The weather is steamy, the sun is shining, and your thoughts have turned to romance — exciting and new, or maybe old and comfortable, and you want to spice things up. Here are eight summertime date ideas in Boston and beyond, whether you hope to woo a potential paramour or rekindle a flame.
The Mystery Matchers: Rooftop R&B
You saw, you swiped, you settled on a date. But you’re nervous! Fear not: Head to the Seaport’s Yotel (65 Seaport Blvd.) on Thursdays at 8 p.m. to listen to crooner Louie Bello, whose sultry R&B tunes will drown out any hint of awkward conversation. The candlelit Sky Lounge has panoramic neighborhood views and potent cocktails — and if things go well after a couple of “hot & dirty” ’tinis, you can continue the evening across the street at Babbo (Italian) or Committee (Greek, with a lovely patio). Not a match? Drown your sorrows in cheese fries at Shake Shack. www.yotel.com.
The Second Daters: Al fresco films
Things went well the first time, and you’ve moved on from a quick weeknight drink to a Friday evening commitment. Start by strolling the Greenway and marveling at its new “Glow” exhibit, featuring vintage neon signs, illuminated until 10 p.m. If only your night could conclude at the late, lamented Siesta Motel in Saugus! Then squire your companion across the street to one of the films in the Boston Harbor Hotel’s Movies by Moonlight series, which start at dusk each Friday. View screen classics like “When Harry Met Sally” and “Breakfast at Tiffany’s” from a heated patio at the hotel’s Rowes Wharf Sea Grille (70 Rowes Wharf). www.bhh.com; www.roweswharfseagrille.com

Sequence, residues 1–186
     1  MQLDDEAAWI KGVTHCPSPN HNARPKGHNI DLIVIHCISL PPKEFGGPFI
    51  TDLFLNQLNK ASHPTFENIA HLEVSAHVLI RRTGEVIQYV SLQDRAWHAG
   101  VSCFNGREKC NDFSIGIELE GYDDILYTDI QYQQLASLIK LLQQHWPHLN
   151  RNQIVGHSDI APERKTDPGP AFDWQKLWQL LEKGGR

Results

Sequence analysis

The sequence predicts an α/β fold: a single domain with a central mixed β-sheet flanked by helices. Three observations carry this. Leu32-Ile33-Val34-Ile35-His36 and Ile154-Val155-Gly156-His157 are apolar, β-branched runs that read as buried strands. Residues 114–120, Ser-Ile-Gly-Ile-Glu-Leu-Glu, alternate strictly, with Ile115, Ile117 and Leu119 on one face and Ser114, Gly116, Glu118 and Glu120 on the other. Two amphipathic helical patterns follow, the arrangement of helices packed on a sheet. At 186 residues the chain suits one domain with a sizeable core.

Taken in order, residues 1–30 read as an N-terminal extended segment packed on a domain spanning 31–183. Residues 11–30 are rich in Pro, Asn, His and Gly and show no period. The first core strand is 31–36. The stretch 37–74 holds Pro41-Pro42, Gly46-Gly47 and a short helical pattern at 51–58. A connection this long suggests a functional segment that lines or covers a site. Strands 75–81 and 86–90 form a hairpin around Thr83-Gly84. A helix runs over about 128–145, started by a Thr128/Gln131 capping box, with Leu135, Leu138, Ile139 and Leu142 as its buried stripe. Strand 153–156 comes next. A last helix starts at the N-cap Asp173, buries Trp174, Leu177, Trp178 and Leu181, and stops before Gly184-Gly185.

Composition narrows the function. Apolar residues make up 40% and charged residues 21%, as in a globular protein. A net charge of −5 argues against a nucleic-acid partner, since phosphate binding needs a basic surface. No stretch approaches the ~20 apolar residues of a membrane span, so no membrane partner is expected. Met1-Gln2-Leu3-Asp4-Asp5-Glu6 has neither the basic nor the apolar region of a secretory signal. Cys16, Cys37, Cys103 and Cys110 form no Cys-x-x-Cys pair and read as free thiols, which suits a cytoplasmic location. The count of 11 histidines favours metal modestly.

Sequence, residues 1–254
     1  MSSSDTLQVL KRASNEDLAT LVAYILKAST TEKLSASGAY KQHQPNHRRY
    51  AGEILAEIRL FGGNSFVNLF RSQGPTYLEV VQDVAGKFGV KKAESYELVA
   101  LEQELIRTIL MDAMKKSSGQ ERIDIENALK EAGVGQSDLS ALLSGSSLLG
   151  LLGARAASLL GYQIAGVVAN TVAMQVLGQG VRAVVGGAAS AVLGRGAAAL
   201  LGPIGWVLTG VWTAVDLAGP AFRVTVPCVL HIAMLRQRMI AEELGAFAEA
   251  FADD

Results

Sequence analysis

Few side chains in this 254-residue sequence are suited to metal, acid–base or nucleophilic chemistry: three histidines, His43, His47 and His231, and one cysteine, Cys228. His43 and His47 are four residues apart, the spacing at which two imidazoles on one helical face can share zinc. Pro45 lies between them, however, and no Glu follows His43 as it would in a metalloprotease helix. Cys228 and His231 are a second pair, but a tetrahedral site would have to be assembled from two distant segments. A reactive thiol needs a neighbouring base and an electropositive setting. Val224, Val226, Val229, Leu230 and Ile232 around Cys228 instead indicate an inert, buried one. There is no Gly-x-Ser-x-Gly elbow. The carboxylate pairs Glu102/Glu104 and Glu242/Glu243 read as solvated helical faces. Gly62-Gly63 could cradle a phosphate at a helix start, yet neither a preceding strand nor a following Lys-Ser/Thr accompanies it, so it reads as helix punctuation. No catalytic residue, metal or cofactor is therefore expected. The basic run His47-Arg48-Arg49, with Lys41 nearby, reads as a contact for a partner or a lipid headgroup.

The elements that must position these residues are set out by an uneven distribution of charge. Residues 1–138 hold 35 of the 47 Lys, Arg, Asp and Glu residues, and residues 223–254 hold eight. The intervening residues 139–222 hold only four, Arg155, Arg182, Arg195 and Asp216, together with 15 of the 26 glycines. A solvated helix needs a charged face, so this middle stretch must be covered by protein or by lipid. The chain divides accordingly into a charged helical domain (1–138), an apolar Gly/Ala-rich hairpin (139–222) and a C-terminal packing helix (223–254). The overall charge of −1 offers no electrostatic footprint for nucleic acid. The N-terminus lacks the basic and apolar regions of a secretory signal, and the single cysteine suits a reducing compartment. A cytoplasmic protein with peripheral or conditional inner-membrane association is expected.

The Whimsical Wooers: Moonlit cruises
Perhaps you lack access to a yacht and a private chef, but you still yearn to romance your beloved on the ocean — with gourmet food, naturally. Consider Chefs at Sea, a three-hour cruise on Gloucester Harbor aboard a Beauport cruise liner, hosted by some of Boston’s top chefs. Board at 6:30 p.m. on Wednesday evenings for live entertainment and dancing, a cooking demonstration, and multi-course meals courtesy of Jason Bond (Bondir), Rory Lee (Moona), Kevin O’Donnell and Michael Lombardi (SRV), and more. There’s a cash bar, too. Taking the train? A Beauport hotel shuttle — maybe a Range Rover — will whisk you from the station to the Rowe Square dock. Tickets are $80 per person, and cruises commence July 11. www.chefsatseaboston.com